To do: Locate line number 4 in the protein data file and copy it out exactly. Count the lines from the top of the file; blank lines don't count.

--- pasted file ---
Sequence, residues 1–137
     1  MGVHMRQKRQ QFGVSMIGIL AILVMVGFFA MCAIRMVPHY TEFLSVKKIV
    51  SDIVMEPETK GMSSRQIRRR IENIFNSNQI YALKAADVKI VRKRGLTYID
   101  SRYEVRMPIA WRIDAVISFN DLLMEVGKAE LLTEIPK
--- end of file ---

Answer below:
   101  SRYEVRMPIA WRIDAVISFN DLLMEVGKAE LLTEIPK